The free seven-week course includes an introduction to global energy and sustainability issues; changes in energy systems and technology; legal and economic considerations at regional and country levels; how communities and individuals perceive energy transitions and interact with policies; and how to analyse the energy transition question in the learner's own country.

Fairness and nature: when worlds collide

University of Leeds

A two-week course on managing natural resources using a set
of basic principles.

Exploring possible futures: modelling in environmental and energy economics

University of Basel

An eight-week course on how to develop and use models in environmental economics and energy economics, covering
conceptual aspects and numerical modelling.

Sustainability, society and you

University of Nottingham

This six-week course enables learners to explore sustainability from the perspective of the environment, the economy, health, politics, society and culture, education and community.

The university is an education partner of IEMA and both organisations work collaboratively on this course.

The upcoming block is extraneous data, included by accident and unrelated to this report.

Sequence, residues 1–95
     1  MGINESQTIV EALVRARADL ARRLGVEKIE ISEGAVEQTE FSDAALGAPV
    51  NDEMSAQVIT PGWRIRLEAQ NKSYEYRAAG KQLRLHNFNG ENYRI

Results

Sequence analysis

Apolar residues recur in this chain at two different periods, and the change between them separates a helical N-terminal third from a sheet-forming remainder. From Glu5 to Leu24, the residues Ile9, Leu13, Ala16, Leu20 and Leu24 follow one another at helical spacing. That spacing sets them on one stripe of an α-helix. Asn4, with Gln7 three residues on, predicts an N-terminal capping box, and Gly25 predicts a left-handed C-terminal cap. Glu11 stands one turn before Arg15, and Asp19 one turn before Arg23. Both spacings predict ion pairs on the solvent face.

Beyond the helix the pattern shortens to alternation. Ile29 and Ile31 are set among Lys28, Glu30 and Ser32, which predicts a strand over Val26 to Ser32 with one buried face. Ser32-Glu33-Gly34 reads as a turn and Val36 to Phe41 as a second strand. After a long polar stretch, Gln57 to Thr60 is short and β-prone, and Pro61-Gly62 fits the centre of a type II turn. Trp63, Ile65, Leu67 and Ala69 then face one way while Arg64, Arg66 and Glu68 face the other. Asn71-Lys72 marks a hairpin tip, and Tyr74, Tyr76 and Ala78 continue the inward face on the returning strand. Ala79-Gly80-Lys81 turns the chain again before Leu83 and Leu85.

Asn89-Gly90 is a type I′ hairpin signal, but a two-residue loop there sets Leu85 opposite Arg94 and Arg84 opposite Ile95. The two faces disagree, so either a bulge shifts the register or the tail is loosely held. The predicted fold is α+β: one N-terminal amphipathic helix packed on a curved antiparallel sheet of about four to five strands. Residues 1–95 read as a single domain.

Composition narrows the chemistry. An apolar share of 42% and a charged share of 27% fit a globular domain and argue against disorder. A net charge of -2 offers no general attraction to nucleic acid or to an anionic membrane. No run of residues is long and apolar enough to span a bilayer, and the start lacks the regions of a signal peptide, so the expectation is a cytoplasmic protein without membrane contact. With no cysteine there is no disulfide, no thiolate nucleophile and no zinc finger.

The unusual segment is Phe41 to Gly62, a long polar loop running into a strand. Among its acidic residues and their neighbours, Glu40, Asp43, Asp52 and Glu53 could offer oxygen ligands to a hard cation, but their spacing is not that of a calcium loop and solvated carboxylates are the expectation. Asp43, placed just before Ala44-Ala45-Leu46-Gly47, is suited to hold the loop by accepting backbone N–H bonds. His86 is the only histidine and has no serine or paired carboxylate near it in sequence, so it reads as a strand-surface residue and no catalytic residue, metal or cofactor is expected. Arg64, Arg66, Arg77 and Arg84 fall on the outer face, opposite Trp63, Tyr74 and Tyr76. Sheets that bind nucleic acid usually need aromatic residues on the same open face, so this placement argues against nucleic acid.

Our changing climate: past, present and future

University of Reading

Over five weeks, learners explore how climate shapes the way people live, the food they eat, the water they drink and the cities in which they live.

Environmental humanities: remaking nature

UNSW Australia

A six-week course that provides a broad overview of an
emerging area of interdisciplinary research that reframes contemporary environmental challenges using approaches
from philosophy, literature, language, history, anthropology,
cultural studies and the arts.

Tackling the global food crisis: sustainable agrifood systems

Queen's University Belfast

Four-week course covering the maintenance and enhancement of global food supplies as well as improving human wellbeing in the developed and developing world.

Shale gas and fracking: the politics and science

University of Nottingham

During the four-week course, learners study the politics, economics and science of shale gas as well as potential local environmental aspects, including water contamination,
seismic activity and air pollution.

Environmental justice

University of East Anglia (UEA)